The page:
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October 15, 2010 11:44 pm
In the second half of the 20th century the northern countries of Europe reasserted their place on the musical map. A constant supply of young composers was coming forth and, perhaps no less important, there were also conductors working internationally who were keen to take the music of their home countries with them.
The momentum has not dissipated yet. The Finnish conductor Osmo Vänskä always has the music of the north close to hand wherever he goes. Having completed a very successful cycle of the Sibelius symphonies with the London Philharmonic Orchestra at the start of this year, he was back on Wednesday with a new work by his compatriot Magnus Lindberg and Walton’s Symphony No.1.
Every new piece that Lindberg introduces seems to be a little more conservative than the last. Al Largo, a joint LPO commission getting its first UK performance here, is no exception. Although the surface of the music comes across like a busy fashion parade of glamorous orchestral sounds, somewhere underneath an old-fashioned, romantic threnody is playing out. Lindberg has cited Ravel and Schoenberg among his inspirations, but the most impressive feature of this score is how consistently he gets the orchestration to sound like nobody but Lindberg. Whether the musical ideas are equally memorable is another matter. For 25 minutes Al Largo seduces the ear brilliantly, but after that it does not linger long.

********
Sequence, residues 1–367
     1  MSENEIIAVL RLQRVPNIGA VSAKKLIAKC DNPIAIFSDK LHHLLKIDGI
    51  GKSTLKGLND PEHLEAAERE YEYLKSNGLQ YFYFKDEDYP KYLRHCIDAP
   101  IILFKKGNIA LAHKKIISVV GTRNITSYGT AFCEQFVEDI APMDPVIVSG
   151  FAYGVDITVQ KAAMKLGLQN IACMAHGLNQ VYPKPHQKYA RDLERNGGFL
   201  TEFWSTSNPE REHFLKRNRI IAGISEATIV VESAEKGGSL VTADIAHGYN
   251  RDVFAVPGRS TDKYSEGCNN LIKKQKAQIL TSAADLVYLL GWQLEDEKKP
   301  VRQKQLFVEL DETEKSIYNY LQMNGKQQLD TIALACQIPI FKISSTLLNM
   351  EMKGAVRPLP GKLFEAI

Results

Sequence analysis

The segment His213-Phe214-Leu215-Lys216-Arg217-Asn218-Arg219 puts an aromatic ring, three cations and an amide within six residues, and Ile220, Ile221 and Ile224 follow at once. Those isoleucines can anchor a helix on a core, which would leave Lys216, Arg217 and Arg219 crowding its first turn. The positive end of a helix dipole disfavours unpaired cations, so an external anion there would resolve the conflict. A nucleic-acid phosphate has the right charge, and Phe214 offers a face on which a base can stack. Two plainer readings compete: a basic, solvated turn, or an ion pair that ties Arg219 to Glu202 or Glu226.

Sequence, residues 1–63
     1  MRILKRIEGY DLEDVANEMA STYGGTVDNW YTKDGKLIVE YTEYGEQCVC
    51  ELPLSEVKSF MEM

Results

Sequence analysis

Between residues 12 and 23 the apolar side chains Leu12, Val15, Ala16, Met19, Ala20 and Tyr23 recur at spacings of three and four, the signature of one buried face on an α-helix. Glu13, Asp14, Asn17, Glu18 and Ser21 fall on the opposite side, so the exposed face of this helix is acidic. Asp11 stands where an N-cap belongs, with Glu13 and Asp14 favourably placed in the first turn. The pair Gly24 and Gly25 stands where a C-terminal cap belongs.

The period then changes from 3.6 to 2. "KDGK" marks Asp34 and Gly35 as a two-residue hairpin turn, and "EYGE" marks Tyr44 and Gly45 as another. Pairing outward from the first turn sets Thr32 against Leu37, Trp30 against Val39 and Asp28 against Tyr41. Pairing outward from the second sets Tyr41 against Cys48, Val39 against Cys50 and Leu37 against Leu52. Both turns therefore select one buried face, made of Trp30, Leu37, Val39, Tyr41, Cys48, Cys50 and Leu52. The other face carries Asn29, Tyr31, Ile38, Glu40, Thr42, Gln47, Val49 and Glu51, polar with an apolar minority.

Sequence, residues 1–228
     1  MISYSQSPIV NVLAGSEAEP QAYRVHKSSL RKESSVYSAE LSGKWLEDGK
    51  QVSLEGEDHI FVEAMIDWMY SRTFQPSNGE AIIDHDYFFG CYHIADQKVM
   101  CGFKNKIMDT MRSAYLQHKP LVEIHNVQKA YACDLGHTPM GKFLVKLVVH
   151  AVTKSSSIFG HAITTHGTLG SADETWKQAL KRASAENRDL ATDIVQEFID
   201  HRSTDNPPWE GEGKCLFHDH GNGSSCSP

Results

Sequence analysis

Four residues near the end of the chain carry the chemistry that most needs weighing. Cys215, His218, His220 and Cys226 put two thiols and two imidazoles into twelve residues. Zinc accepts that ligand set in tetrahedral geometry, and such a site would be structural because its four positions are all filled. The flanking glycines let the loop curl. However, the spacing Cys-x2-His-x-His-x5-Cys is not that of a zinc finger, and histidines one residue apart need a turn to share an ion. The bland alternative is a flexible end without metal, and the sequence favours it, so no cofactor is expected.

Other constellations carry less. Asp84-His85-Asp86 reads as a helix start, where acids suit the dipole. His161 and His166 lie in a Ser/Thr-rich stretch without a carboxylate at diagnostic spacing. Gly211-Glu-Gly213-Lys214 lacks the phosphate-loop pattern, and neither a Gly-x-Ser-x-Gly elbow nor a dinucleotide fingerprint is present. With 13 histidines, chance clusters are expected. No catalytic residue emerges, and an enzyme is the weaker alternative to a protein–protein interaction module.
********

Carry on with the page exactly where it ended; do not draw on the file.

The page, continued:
As though to cleanse the ear, the programme continued with Mendelssohn’s Violin Concerto, its clear spring waters negotiated with perfectly schooled playing, but not much colour or depth, by the young Polish violinist Agata Szymczewska.
Picking up the orchestral dazzle of the Lindberg again after the interval, Vänskä ended the concert with the Walton. Aggressive, bitter, apprehensive, wistful, this symphony has a 1930s mood that is very much its own and Vänskä tried to penetrate that with a keen ear on inner parts and rhythmic detail. Maybe that was why the players sometimes seemed to be skating on ice, nervous that the ensemble might be on the point of falling in. It never did and yet Vänskä still did not quite have the single-mindedness to drive this British – indeed, very northern – symphony to its inexorable, hammering conclusion.
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